4) Illegal police violence
Even in Germany, a State of Law, there can be violent police attacks on people. These cases are rarely made public, as the culprits are investigated by their own colleagues. Most court cases are abandoned because policemen do not testify against each other but, apart from the victim, are the only witnesses. The media report isolated cases but the lack of an independent committee of enquiry is not mentioned.
5) Church finances not controlled
Religious institutions under public jurisdiction – as, for example, many Catholic monasteries in Bavaria without an affiliated business – are exempted from tax and are therefore not controlled by the tax office. They are automatically considered trustworthy. This makes it possible to use faked donation receipts and evade tax without anyone noticing. The media tend to ignore the lack of financial supervision and these potential tax loopholes.
6) Iodine additives not always declared
A strong lobby of salt and pharmacy companies propagate iodine additives in food. Nevertheless, approximately 10 percent of the Germans suffer from iodine intolerance, whereas sicknesses induced by the lack of iodine are declining. It is also suspected that too much iodine has a worsening effect on autoimmune diseases of the thyroid gland. Often, the addition of iodine does not have to be declared on food packaging. This makes it very difficult to avoid iodine. The media rarely report on this lack of consumer choice.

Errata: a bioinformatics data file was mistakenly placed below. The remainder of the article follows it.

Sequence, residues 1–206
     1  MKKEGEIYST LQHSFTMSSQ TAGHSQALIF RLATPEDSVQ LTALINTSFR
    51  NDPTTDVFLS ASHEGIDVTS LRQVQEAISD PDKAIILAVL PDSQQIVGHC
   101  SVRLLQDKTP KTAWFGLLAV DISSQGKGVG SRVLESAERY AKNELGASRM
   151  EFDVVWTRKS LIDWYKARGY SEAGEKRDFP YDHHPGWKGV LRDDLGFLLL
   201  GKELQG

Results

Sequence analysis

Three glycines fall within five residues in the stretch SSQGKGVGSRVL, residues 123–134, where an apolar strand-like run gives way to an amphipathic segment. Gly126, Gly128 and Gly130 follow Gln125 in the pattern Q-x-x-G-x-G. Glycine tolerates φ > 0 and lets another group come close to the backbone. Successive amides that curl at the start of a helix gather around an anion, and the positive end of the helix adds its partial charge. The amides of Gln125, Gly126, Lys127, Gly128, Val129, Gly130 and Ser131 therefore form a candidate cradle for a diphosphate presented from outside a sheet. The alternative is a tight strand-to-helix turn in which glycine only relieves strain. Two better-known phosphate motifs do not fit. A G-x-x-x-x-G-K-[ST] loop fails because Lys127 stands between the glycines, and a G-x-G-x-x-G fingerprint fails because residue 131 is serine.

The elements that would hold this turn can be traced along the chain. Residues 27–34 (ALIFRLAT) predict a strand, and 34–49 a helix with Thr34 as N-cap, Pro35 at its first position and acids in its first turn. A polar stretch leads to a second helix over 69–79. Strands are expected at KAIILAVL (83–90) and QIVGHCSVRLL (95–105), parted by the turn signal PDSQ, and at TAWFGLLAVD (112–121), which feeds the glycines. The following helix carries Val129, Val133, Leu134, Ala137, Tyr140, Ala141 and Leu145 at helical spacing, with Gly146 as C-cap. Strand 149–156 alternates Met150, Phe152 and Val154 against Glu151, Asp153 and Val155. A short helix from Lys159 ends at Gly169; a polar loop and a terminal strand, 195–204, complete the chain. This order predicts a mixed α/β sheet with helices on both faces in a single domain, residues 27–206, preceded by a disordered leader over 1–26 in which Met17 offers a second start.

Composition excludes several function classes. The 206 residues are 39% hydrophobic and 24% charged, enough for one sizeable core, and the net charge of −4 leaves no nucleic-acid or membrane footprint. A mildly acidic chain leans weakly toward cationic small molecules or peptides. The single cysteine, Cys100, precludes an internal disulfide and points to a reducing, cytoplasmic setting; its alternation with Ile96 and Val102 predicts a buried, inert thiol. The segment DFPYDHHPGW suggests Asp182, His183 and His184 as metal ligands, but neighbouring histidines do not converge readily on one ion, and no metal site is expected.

7) Patents for human genes and gene sequences
Decoded human genes and gene sequences such as genes that contribute to high blood pressure or breast cancer may be patented. The monopoly of individual patent owners hinders competitive firms in the development of their own pharmaceutics and makes independent research expensive. There can also be disadvantages for patients, as forms of treatment not requiring a license are preferred by the medical insurance companies for economic reasons. Comprehensive reporting on the chances, risks and consequences of gene patenting does not take place.